Those efforts got a boost in recent weeks as the Suffolk County Police Department kicked off a pilot program that put Narcan nasal sprays in the hands of 300 cops in the 4th, 6th and 7th Precincts. Sector cars often arrive on the scene well before ambulances and during a medical emergency, every second counts. The early results are mind-blowing: cops have revived three people in as many weeks. Those three people likely got the wake-up call of their lives and their families can arrange drug treatment, rather than a funeral.
Suffolk lawmakers led by Kara Hahn (D-Setauket), who voted unanimously to create the pilot program, should immediately expand it to include every sector car in the county. Nassau should do the same. School nurses across Long Island – particularly those working in high schools where prescription drug abuse is rampant – should be trained and given Narcan kits. Parents of addicted kids need access more than anyone else and drug users should be trained and equipped to help their friends.
Seventy percent of people who abuse prescription painkillers say they get them from family, friends or straight out of the medicine cabinet. Shouldn’t an overdose antidote like Narcan, which is safe, cheap and proven to save lives, be as easy to obtain? Why isn’t Narcan included in every first aid kit distributed across America?
New York has been pretty progressive on this issue. State lawmakers approved a bill in 2006 that allows non-medical folks to administer Narcan and extends good samaritan protections to those who use the drug in good faith. The Legislature also approved a measure last year that provides for limited immunity from prosecution for certain drug offenses when someone calls for help during an overdose.
We’re also beginning see an awakening at a national level. Even Obama’s drug czar, Gil Kerlikowske, who as a former police chief is a law-and-order kind of guy, recently spoke out in favor of increased access to Narcan. “The Administration supports the use of naloxone by public health and law enforcement professionals because we have seen how effective the drug can be,” he told a group in North Carolina last week.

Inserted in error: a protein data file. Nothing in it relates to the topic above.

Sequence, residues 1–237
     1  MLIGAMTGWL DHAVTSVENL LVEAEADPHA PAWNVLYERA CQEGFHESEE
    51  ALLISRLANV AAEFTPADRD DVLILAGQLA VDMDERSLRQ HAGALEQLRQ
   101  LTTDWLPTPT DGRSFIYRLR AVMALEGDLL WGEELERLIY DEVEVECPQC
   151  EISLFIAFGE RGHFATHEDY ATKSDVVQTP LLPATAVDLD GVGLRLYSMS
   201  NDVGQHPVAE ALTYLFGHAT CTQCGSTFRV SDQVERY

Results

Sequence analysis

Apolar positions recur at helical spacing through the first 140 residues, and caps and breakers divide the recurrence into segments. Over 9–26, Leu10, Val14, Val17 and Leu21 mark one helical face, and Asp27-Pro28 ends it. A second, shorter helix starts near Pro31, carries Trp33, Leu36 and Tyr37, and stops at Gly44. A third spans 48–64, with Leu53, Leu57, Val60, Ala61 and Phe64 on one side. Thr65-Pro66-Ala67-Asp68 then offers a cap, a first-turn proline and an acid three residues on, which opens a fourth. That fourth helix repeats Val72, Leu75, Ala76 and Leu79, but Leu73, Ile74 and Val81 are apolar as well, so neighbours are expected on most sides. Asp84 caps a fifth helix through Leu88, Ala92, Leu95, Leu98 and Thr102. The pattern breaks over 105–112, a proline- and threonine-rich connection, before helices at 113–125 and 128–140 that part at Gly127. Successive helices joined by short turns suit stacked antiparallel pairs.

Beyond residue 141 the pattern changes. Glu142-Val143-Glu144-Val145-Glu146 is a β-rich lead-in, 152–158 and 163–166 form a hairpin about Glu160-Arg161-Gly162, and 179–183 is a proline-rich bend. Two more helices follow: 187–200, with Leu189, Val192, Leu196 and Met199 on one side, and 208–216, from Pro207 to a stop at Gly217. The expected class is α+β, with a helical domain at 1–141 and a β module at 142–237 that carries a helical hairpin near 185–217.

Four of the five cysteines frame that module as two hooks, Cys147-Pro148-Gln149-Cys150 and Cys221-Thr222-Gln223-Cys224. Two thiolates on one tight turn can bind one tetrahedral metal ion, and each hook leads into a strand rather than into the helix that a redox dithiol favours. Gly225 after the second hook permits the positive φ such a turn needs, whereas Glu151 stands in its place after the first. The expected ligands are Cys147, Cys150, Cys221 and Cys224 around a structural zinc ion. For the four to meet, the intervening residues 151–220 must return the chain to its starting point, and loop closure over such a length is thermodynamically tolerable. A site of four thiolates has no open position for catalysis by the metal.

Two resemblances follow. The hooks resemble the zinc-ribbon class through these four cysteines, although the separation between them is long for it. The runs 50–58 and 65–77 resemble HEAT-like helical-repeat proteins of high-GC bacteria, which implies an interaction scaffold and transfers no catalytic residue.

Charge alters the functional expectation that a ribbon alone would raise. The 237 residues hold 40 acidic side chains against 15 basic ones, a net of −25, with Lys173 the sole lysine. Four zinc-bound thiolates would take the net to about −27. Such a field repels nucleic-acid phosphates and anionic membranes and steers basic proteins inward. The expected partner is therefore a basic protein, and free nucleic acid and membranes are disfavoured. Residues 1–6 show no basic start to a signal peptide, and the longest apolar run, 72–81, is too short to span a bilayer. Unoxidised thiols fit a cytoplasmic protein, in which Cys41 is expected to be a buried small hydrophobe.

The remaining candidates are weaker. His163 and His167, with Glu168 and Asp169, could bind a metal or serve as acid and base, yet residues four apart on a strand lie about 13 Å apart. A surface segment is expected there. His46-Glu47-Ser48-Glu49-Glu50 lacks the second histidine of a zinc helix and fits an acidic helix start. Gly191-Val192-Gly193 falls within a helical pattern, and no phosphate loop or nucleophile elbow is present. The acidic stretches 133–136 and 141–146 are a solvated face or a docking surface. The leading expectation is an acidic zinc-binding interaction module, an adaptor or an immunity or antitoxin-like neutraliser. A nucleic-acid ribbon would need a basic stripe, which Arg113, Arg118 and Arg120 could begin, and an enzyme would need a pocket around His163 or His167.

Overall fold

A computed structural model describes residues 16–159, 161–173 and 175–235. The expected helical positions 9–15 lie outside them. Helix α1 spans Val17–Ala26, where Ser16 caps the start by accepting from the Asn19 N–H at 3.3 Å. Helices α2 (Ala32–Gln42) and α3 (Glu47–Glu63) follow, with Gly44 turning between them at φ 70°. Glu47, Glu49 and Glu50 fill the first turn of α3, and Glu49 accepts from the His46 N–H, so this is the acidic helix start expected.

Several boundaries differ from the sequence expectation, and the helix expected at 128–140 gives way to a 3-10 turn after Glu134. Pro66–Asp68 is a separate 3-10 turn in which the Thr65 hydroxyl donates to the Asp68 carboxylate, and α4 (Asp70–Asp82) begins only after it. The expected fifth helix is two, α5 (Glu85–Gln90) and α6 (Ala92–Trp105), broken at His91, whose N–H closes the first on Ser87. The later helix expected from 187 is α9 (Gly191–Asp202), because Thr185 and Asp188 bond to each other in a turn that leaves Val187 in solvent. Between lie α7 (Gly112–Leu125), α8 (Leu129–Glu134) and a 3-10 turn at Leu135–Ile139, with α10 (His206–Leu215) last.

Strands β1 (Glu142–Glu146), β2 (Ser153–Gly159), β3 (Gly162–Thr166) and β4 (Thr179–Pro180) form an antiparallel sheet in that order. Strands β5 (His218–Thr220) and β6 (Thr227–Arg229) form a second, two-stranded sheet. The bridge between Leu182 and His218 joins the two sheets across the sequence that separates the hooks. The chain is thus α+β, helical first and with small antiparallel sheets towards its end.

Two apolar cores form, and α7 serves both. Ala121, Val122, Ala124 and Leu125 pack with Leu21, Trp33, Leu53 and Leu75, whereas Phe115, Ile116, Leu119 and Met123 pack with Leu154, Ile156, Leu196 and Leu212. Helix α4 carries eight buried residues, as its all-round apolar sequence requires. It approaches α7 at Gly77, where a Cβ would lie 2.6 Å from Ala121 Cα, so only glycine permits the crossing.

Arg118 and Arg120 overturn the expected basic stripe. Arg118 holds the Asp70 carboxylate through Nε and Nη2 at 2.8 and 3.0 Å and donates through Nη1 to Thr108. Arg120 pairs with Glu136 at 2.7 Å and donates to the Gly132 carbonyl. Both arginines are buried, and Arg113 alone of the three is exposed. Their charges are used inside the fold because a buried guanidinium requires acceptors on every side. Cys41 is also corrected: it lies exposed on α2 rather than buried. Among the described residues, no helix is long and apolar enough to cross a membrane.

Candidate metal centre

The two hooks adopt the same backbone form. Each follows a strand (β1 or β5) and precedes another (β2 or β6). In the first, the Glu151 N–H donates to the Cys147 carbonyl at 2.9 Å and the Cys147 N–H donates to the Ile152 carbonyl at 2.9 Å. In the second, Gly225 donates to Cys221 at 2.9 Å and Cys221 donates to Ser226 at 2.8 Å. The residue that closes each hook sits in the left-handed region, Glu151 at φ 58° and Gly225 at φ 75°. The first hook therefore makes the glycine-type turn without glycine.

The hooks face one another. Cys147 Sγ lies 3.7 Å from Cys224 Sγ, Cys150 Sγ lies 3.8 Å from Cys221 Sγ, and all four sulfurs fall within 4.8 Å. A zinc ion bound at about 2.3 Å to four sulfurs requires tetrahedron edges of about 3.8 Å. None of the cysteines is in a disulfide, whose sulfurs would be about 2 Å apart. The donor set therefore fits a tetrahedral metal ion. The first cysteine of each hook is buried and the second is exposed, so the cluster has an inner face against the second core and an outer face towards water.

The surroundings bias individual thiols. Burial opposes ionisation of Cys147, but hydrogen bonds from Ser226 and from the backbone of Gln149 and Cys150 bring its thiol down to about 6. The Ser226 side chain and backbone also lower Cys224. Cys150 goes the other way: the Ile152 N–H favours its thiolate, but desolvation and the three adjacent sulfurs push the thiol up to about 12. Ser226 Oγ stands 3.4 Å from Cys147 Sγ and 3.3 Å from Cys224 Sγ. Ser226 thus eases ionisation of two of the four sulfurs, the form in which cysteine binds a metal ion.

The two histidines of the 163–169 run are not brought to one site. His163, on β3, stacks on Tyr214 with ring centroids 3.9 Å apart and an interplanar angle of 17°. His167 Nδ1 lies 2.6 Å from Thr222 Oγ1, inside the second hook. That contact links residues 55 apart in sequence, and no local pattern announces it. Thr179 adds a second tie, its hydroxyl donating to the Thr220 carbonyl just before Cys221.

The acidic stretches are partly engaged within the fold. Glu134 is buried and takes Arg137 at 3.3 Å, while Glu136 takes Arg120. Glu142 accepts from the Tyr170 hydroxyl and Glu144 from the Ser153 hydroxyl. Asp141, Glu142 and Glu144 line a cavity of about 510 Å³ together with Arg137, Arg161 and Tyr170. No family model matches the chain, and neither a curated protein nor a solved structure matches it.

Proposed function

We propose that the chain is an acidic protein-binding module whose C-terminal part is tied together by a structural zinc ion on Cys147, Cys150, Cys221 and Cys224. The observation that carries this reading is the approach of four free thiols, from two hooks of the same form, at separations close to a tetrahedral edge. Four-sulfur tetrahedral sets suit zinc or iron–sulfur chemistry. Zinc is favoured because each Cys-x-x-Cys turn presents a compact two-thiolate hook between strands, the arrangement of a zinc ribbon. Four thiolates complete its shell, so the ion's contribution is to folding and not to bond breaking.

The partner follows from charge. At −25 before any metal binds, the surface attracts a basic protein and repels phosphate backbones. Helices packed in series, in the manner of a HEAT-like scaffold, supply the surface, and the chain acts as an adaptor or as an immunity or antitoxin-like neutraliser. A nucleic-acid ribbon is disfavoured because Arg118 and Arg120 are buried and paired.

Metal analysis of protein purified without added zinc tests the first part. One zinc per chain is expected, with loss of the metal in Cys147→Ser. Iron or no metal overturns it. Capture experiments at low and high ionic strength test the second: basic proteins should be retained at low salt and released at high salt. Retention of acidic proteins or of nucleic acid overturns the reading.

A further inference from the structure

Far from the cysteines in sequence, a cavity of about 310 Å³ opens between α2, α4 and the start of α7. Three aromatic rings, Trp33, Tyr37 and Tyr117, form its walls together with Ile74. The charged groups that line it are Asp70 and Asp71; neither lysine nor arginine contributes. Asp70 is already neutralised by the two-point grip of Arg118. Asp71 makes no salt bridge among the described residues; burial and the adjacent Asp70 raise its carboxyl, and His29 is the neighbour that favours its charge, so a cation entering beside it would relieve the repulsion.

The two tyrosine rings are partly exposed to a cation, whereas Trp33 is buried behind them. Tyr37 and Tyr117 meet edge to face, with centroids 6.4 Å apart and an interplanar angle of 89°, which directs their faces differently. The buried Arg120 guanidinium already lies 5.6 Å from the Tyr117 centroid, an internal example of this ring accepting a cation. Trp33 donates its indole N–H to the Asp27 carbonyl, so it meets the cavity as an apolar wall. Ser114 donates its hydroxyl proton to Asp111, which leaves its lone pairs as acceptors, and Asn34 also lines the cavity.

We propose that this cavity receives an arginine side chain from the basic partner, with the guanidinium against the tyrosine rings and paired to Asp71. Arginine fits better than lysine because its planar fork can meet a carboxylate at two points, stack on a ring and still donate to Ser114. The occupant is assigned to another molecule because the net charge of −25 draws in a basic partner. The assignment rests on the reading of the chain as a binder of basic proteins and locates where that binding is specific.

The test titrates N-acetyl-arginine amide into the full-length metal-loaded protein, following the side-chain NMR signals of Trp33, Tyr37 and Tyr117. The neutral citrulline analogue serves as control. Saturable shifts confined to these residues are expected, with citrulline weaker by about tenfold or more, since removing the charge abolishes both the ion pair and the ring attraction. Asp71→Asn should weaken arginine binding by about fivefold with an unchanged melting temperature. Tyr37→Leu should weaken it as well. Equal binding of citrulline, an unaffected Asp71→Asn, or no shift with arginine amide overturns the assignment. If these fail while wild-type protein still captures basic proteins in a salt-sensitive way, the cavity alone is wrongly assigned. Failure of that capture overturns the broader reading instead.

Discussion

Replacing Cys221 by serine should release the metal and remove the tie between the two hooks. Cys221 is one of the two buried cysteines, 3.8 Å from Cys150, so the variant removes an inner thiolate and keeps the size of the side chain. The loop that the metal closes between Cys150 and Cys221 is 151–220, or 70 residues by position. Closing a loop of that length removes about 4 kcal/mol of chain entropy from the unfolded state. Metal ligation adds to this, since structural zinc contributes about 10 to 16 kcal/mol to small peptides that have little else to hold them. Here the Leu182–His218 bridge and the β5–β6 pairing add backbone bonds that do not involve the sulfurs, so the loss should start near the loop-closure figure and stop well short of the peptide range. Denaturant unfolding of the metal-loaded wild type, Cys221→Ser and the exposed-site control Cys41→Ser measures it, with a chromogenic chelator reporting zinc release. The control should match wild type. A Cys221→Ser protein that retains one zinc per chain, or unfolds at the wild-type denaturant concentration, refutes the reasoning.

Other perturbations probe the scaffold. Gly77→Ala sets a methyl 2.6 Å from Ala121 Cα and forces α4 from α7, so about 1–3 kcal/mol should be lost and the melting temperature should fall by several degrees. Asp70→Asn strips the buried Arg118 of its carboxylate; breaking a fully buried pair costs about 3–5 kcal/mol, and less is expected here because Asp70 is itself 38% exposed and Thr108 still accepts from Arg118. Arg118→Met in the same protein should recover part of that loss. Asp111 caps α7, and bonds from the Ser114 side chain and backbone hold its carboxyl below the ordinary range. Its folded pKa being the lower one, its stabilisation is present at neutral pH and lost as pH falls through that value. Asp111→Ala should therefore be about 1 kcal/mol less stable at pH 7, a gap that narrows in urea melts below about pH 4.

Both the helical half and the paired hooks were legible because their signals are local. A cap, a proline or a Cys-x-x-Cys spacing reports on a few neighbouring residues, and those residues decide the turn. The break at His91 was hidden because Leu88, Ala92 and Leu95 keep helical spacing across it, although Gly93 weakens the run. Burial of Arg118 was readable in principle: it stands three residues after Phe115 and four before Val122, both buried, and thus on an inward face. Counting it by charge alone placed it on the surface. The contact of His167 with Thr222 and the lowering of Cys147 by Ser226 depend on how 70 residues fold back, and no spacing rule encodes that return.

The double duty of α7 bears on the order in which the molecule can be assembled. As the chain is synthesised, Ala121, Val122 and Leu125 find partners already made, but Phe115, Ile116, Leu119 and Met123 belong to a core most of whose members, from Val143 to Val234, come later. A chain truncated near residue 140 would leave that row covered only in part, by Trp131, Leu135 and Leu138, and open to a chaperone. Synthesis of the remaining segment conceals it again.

So, with questions about potential liability, safety and costs handily addressed, what’s the hold-up? It’s apathy more than opposition, though a few naysayers have suggested that educating drug users about overdose and giving them Narcan will leave them a false sense of security and encourage them to use more drugs. That’s the same mindset that allowed HIV/AIDS to kill hundreds of thousands of Americans as we bickered about whether a piece of latex would encourage people to become promiscuous. Think about it. We don’t all drive faster because our cars are equipped with airbags, nor do we eat more Ring Dings because there’s an automated external defibrillator (AED) bolted to the wall in our corporate cafeteria.
Potentially avoiding death doesn’t encourage drug use any more than the fear of death stops it. Addiction is an inherently irrational brain disease, but it’s also treatable and needn’t prove fatal. Too many families are losing the race against time as they beg, plead, and try to cajole their loved one into treatment for a disease whose calling card is massive denial. Too many young people never make it through the doors of a treatment center, never come face-to-face with a counselor and never get a shot at experiencing the miracle of recovery.
Given the enormity of the opiate crisis and recent advances in substance abuse prevention and addiction treatment, it’s easy to wonder whether getting an addict breathing again is the best we can do. Nope, but it’s certainly the least we can do.